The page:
8:40 AM  
Anonymous story conclusion said...

Stolpestad is hopeful but not making any promises. The first time his company looked at the property about a year and a half ago, he said, he "kind of put it aside as a real big challenge."

The Port Authority encouraged him to reconsider. The old 3M headquarters is "a classic building," said Port Authority spokesman Tom Collins. "It's in really good shape. The others are former tape manufacturing and storage facilities."

The headquarters likely would qualify as a historic building, putting it in line for state and federal tax credits equivalent to 40 percent of the cost of rehabilitation, and the purchase fits Ironton's goals of buying distressed or undervalued properties and making classics out of jalopies.

"If we can actually make something happen there, it will be good for the city, it's a satisfying intellectual exercise, and hopefully we can make some money," Stolpestad said.

The 61-acre campus is the largest redevelopment project the Port Authority has undertaken in more than 20 years. The campus is bounded, roughly, by Phalen Boulevard, East Seventh Street, Arcade Street and Johnson Parkway.

3M, now based in Maplewood, occupied 46 acres for a century but moved the last of its operations in 2008. The Port Authority bought the campus and adjoining parcels in stages, closing on the last 11 acres last December.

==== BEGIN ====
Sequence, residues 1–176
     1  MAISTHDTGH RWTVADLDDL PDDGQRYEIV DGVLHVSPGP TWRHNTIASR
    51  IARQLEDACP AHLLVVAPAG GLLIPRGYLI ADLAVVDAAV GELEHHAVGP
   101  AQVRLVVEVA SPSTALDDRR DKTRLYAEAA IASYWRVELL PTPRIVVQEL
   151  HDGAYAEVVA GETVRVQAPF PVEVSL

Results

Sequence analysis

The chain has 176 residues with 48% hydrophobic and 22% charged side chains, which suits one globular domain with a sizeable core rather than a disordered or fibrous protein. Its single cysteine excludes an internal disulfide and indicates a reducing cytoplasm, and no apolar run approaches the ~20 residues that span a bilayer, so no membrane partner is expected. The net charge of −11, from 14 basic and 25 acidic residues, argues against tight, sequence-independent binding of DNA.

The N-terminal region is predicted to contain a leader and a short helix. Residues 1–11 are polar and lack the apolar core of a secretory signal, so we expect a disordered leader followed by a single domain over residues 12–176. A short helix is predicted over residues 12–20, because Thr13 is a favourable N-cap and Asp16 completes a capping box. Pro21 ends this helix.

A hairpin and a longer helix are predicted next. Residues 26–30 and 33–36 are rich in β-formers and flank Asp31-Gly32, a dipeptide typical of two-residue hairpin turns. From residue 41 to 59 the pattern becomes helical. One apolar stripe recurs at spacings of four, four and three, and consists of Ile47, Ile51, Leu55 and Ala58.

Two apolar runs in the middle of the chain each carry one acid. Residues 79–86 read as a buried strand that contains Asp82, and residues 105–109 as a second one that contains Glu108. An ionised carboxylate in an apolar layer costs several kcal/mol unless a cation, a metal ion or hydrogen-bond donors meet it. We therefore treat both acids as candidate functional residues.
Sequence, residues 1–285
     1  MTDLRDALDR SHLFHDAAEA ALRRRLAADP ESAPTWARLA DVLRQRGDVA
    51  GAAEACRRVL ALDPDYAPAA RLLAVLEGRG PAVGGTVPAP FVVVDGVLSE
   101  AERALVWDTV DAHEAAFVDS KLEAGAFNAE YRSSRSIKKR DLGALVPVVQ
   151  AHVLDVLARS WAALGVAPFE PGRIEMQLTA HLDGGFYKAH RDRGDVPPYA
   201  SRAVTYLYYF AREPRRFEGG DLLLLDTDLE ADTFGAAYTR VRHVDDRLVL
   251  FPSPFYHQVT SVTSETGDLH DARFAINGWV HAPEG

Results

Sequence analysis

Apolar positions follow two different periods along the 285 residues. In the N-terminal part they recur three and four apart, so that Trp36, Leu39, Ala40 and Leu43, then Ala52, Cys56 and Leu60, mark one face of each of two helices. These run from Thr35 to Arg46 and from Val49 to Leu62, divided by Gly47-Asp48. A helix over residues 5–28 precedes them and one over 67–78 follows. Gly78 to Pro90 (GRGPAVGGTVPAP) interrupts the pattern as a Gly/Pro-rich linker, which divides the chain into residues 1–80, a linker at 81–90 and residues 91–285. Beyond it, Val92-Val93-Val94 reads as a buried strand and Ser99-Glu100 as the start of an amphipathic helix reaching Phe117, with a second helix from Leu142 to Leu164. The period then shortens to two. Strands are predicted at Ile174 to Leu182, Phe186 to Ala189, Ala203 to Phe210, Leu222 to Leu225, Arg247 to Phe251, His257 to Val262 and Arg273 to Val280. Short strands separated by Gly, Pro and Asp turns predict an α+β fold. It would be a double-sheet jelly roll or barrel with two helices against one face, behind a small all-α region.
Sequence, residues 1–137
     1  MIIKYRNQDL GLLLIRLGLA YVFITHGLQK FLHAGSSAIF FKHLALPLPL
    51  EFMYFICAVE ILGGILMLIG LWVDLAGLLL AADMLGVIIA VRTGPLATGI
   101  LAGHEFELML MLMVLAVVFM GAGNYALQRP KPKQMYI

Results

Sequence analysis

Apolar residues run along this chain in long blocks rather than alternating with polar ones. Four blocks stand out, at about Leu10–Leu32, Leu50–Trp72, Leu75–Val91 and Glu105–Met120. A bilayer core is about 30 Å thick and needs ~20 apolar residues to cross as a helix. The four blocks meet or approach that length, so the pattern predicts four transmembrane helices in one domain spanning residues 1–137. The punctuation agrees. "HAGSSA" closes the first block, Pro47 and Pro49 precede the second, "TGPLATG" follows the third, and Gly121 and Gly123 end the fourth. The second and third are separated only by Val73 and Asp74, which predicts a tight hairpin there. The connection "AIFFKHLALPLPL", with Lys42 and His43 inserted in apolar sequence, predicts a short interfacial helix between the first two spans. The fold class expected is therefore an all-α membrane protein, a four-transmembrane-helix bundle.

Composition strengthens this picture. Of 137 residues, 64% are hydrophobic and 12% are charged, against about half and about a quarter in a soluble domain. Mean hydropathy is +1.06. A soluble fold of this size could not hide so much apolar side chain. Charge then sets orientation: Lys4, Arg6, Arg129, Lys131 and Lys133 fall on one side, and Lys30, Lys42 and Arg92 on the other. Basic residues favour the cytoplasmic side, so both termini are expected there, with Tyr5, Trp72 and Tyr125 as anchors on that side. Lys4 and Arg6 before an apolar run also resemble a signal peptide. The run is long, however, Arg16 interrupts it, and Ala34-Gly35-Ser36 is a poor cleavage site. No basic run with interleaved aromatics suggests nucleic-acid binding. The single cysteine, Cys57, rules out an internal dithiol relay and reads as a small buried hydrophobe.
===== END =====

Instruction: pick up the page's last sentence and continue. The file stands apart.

The goal is to guide its development into a business campus. HealthEast Medical Transportation, an ambulance company, recently became Beacon Bluff's first major occupant, with a new 46,000-square-foot building at the west end of the campus near Arcade Street and Reaney Avenue.

Baldinger Bakery, which supplies hamburger buns to McDonald's, is completing a 144,000-square-foot plant at the east end of the campus.

The Port Authority's Board of Commissioners approved the Ironton sale Oct. 26. Ironton's other projects include the redevelopment on an old furniture warehouse on University Avenue in St. Paul into at least 100 market-rate apartments.